Watch For Falling Apples

Watch For Falling Apples

Hello friends. We have spent the week much like all of you personally and professionally adapting to our new and surreal normal. Patrick has spent time consoling his son who is suffering through the reality that his final months of high school, prom, senior night, and potentially even graduation may be missed. We are trying to keep our parents’ spirits up, check in on those alone, and get out into the fresh air every day. And it is only the first week for many of us. 

We usually write our blog in the third week of each month, yet have struggled over the past few days with our own processing, emotions, and thinking about the value or insight we could provide in 600 words. 

Amy participated in virtual yoga yesterday with her Florida studio and the teacher repeated, “This too shall pass.” several times over. It sparked immediate discontent and disbelief (also compounded by too many hours watching news), but after only a few minutes, brought about a calm. The shock of abrupt life changes, financial strain, and jarring adjustments have caused us to lose sight that this too will pass. We are so caught in the moment (with good reason!) and ever-changing status of things around us to be able to even consider this. 

As consultants, every week, we are usually out supporting teams in schools. Now we are left feeling helpless at home as we watch our friends (even those we don’t know now seem near to us), school and district leaders struggling to make decisions they never imagined they would be making to ensure students are okay–supported, connected, learning, and fed. As we did not need to participate this week in daily work calls, greet students online, or organize a household of children, we found ourselves sinking into a strange place emotionally and physically in a matter of days. So we Zoomed for hours, made Jibjabs for St. Patrick’s Day, laughed and cried looking at Twitter and Facebook, and have been moved by the outreach, creativity, and absolute call to action that is taking place everywhere.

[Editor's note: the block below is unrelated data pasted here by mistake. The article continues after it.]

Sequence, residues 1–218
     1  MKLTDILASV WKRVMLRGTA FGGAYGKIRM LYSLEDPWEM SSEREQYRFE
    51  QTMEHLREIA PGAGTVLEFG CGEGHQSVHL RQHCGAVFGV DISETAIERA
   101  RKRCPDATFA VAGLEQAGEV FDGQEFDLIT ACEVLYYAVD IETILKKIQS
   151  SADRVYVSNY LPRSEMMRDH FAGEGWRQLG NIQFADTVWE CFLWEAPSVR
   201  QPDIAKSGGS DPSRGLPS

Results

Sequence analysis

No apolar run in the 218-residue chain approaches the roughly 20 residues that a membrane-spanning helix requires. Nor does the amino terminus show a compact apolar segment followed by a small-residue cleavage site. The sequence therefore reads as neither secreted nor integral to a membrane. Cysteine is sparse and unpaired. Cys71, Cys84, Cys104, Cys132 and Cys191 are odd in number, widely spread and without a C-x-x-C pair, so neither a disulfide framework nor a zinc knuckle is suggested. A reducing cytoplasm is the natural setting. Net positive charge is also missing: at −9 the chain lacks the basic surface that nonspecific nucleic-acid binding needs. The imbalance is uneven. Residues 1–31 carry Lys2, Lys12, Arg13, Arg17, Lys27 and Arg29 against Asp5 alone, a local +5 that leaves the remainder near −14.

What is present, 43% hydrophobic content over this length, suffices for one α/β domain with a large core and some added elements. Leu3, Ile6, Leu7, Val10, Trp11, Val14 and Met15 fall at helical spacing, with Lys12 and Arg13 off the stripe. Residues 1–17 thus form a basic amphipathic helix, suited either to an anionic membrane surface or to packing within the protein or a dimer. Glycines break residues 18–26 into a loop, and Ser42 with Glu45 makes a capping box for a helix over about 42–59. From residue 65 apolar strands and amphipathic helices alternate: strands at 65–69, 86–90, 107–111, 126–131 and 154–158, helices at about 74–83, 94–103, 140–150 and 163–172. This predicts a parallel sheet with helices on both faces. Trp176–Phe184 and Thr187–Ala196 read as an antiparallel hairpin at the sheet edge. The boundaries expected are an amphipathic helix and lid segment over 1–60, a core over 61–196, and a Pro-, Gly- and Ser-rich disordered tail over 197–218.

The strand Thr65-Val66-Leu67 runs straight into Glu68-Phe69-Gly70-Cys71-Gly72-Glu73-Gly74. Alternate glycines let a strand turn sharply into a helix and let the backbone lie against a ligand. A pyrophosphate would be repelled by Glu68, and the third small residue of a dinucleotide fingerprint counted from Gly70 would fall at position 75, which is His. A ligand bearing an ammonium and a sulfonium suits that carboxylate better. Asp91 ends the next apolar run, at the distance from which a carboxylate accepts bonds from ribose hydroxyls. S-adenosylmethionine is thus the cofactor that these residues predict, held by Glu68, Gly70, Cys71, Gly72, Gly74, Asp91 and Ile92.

And as we were writing this, we came upon a reminder from a good friend of ours who is an artist:

We came to the realization that we can use this time differently. Everyone can. Once we adapt to our new structures and routines, so much is possible.

Every day, we are growing as a parent, a friend, a son or daughter, a husband or wife, a member of our world community. Maybe, you don’t see it yet or you just haven’t had a chance to see it with the chaos around you.

We found others on Twitter who were also thinking about what is possible: 

In this first week of dramatic change, it is difficult, to say the least, to have any optimism about our situation or to wake each morning with a positive mindset. One perspective we humbly offer, however, is that “out of necessity grows innovation.”  Many of you have already stretched so far out of your comfort zones out of necessity to include suddenly becoming proficient online teachers, using new tech tools, teaching your own children…learning to live with your college students… You are growing and will emerge from this completely changed in positive ways, as will your students. You have already strengthened your ability and theirs to adapt, problem solve, collaborate, create solutions, and think about others. 

“It’s the best time to try something new and brave, because every educator is trying something new and brave right now.” (April Strong)

Consider in this time ahead: How will you grow? Who can you become for yourself and for others around you in this challenging time?

This too shall pass. Watch for falling apples. Be well.


Let’s stay connected – Sign up for our mailing list

Order our books Feedback to Feed Forward: 31 Strategies to Lead Learning and Learner-Focused Feedback: 19 Strategies to Observe for Impact today!

Reader Interactions

Leave a Reply

Your email address will not be published. Required fields are marked *